By Emily Senger - Monday, March 25, 2013 - 0 Comments
Ford India is making apologies for three advertisements that never ran, one of which…
Ford India is making apologies for three advertisements that never ran, one of which showed former Italian prime minister Silvio Berlusconi in the front seat of a Ford Figo with three bound women in the trunk.
While the ads weren’t actually used, they were displayed over the weekend on a website meant to showcase creative advertising, The Associated Press reported Monday.
The timing for the ads to surface online was particularly bad in India, where the country has been dealing with a high-profile gang rape and murder case. In addition, India just passed a law meant to prevent violence against women.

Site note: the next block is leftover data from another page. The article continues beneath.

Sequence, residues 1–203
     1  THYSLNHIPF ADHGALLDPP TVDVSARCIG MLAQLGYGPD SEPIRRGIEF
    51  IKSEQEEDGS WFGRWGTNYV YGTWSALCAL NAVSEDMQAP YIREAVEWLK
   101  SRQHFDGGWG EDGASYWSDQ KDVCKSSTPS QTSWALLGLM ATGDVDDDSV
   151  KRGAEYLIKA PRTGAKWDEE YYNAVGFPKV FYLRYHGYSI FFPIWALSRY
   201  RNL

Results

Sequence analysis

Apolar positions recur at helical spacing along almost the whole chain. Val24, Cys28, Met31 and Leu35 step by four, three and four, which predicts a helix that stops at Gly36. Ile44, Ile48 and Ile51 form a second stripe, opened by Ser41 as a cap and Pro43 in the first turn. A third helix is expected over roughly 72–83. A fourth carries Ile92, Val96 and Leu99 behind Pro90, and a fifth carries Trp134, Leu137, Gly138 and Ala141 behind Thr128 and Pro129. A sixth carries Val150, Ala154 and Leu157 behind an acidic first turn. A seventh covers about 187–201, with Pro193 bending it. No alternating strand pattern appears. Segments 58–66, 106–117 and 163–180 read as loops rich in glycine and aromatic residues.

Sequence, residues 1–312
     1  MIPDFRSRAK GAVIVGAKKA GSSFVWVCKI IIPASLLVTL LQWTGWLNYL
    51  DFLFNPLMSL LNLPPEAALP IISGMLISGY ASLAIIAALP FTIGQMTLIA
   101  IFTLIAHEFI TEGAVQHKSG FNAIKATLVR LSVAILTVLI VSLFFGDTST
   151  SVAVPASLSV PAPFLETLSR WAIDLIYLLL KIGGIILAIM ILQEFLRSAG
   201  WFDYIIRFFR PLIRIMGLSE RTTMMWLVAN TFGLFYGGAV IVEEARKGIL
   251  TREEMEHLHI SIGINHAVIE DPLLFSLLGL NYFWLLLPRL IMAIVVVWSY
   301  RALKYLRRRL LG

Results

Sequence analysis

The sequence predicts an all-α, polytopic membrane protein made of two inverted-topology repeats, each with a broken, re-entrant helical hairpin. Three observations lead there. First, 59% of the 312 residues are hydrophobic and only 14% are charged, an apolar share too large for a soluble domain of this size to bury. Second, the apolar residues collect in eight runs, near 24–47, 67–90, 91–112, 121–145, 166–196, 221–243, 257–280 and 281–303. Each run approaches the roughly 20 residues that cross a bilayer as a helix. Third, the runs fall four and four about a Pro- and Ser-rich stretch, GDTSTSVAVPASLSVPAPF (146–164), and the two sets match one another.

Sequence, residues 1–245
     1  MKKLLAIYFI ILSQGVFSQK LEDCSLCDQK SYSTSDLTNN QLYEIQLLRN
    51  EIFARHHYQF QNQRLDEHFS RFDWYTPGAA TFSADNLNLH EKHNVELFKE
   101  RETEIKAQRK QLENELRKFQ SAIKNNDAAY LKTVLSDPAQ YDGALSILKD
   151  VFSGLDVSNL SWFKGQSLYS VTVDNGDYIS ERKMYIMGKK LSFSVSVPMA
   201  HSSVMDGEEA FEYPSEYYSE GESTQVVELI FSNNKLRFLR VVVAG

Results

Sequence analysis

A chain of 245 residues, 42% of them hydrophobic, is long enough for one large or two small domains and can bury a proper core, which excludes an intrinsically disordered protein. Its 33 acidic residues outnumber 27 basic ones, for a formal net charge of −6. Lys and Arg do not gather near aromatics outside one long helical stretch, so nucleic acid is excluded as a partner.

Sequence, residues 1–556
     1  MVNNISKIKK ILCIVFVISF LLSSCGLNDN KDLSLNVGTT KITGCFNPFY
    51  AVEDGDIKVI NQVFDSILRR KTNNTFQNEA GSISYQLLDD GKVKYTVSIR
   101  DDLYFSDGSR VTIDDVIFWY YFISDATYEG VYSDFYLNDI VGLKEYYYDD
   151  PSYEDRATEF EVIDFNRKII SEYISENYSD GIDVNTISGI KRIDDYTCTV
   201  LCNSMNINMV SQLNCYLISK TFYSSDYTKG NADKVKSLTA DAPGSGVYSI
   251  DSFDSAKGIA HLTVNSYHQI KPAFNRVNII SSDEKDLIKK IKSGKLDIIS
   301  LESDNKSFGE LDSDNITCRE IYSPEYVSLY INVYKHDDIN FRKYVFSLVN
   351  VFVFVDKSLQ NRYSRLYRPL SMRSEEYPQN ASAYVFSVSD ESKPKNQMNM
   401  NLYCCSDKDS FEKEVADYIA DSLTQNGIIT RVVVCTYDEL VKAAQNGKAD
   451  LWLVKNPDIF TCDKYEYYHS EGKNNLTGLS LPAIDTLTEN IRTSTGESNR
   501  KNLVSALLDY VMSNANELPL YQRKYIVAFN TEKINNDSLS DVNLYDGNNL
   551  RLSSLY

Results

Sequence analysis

“We take this very seriously and are reviewing approval and oversight processes, and taking necessary steps to ensure nothing like this ever happens again,” Ford spokeswoman Sethi Deepti told The Associated Press in an email. Continue…
By Chris Sorensen - Tuesday, January 15, 2013 at 12:26 PM - 0 Comments
Since 2009, the Detroit auto show has been mostly about cars—the smaller, the better. After being caught flat-footed by the recession and a big spike in gasoline prices, the former Big Three—Ford, GM and Chrysler—were eager to show the U.S. government and taxpayers (which bailed out GM and Chrysler) that they knew how to build more than hulking pickup trucks and gas-guzzling SUVs. Hence, the spotlight was on small cars like the Chevrolet Cruze, Ford Focus and Dodge Dart, while the heavier pieces of metal were parked off to the side.